Monday came and went without any accord on who will lead a new national unity coalition, despite plenty of talk that a former vice president of the European Central Bank, Lucas Papademos, would get the job.
The cabinet was due to hold an emergency session Tuesday and officials said negotiations were under way on the "100-day coalition" which must win parliamentary approval for a euro zone bailout and save the country from bankruptcy.
But after an early burst of compromise as the EU turned the screws on both sides, the drive by the socialist and conservative parties to create a government which will rule only until February appeared to be losing momentum.
Frustration was apparent in Brussels where officials said the new government had to show it was serious about implementing promises Athens has made to its EU and IMF lenders in return for the 130 billion-euro bailout.
"It is essential that the entire political class is now restoring the confidence that had been lost in the Greek commitment to the EU/IMF program," said EU Economic and Monetary Affairs Commissioner Olli Rehn.
Prime Minister George Papandreou provoked chaos last week by calling a referendum on the bailout, a vote which would probably have rejected the package due to its demands for austerity. Papandreou backed down, but was forced into agreeing to make way for the unity coalition.
Weary of past broken promises from Athens, Rehn said the coalition must "express a clear commitment on paper, in writing, to the EU/IMF program."
The stakes could not be higher. Greece faces bankruptcy in December when big debt repayments are due, unless it can get hold of more emergency funding soon. For the euro zone, it is a question of credibility with international financial markets.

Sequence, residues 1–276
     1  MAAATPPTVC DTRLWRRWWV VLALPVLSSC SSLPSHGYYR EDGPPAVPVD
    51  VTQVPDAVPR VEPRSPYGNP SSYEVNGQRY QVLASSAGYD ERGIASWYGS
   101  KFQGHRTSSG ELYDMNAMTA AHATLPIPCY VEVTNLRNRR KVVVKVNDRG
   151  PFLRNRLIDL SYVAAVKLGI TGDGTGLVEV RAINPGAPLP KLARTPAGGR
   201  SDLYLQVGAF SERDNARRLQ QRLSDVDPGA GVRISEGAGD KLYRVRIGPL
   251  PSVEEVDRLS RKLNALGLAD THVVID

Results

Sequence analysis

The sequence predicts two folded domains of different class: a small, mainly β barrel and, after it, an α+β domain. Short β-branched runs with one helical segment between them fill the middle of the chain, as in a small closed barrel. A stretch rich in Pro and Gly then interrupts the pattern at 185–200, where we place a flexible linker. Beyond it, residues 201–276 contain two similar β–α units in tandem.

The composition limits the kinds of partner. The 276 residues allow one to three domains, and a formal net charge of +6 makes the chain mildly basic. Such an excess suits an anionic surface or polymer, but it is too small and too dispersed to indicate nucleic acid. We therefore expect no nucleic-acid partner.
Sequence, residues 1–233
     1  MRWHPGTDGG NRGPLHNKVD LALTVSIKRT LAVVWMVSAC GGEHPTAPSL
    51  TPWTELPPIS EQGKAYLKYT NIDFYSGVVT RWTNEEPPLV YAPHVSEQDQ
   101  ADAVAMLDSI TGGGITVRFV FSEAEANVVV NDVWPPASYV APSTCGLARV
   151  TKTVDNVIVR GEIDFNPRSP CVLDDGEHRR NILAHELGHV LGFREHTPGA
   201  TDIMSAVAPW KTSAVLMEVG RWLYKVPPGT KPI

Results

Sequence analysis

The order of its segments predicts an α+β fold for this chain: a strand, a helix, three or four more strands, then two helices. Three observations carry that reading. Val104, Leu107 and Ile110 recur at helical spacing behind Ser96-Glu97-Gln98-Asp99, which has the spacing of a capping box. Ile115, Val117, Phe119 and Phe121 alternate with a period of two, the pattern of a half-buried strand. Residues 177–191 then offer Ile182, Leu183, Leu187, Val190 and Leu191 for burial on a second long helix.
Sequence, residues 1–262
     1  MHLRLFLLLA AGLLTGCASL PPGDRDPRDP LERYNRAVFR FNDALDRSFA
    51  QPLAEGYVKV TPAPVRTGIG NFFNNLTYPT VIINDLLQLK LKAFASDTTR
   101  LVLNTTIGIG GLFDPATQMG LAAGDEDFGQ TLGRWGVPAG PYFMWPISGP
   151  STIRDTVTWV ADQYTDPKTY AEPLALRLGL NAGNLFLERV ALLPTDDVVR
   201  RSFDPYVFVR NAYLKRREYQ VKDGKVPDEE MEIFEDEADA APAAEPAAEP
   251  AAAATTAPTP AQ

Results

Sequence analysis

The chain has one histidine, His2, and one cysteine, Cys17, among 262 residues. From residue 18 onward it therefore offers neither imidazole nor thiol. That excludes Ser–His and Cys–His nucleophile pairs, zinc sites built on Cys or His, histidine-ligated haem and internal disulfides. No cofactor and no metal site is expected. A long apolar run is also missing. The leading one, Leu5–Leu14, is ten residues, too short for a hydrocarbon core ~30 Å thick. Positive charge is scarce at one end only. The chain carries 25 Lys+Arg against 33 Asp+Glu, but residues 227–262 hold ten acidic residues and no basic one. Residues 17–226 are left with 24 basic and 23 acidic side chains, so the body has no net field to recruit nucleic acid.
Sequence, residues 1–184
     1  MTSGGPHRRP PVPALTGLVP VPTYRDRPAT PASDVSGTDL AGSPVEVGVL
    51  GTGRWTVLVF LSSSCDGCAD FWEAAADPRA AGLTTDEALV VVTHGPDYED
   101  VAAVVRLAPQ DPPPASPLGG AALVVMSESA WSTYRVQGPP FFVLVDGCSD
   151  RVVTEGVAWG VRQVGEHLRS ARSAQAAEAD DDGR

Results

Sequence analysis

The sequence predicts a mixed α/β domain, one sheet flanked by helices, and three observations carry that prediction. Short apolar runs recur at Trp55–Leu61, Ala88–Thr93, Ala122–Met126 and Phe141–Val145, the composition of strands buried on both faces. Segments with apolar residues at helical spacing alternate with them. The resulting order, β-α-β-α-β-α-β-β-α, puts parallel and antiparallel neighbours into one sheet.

For two years it has labored to solve the problems of Greece, a very small part of the bloc's economy, leading to doubts about how it would manage if the debt crisis engulfed the far bigger Italian or Spanish economies.
What is now a regional crisis could hit the global economy if it goes unchecked, and the United States weighed in with a demand that Greece live up to its responsibilities. "We urge the government to move as quickly as possible to fulfill the commitments," said White House press secretary Jay Carney.
Greek party officials were tight-lipped about why the naming of the new prime minister, which had been expected Monday, had not happened yet.
Papademos remained a frontrunner for prime minister. An aide said the Greek economist, who left the ECB last year, had arrived in Athens Monday from the United States where he is a Harvard academic.
Papandreou has been in touch with Papademos, a senior government official told reporters.
Papademos oversaw the nation's adoption of the euro in 2002 as Bank of Greece governor before moving to the ECB, and is a well-known figure in European capitals.
Some Greek media speculated that he was setting tough conditions, demanding greater powers than Papandreou or conservative leader Antonis Samaras were prepared to give.
A source at the New Democracy party which Samaras leads said it would support the new government but wanted no cabinet posts.
Current Finance Minister Evangelos Venizelos, a member of the PASOK socialist party, could stay in his post for the sake of continuity at a time of crisis, said the source, giving the first indication of who would occupy any of the cabinet posts.
New Democracy would back the 2012 budget and a bond swap plan contained in the bailout package, under which the value of banks' holdings of Greek government debt will be halved.
However, PASOK had to hand certain major ministries -- including any involved in running next February's elections -- such as justice, the interior and even defense to non-party technocrats, he said.
Some Greek media said such demands were a sticking point, with PASOK unwilling to let New Democracy duck out of a government which must take unpopular decisions to tackle a huge budget deficit and make the economy more competitive.
Greeks have suffered immensely in the two years that Papandreou has run the country. International lenders have demanded wave after wave of pay and pension cuts, plus tax increases and job losses in return for emergency aid. This has helped to keep Greece in four successive years of recession.
The Communist PAME labor group will hold a rally in Athens on November 10 to oppose a new government which it said "has the task to save the monopolies and crush the popular movement."
"They want to vote through the new bailout ... which will leave Greek people with their hands tied for many years."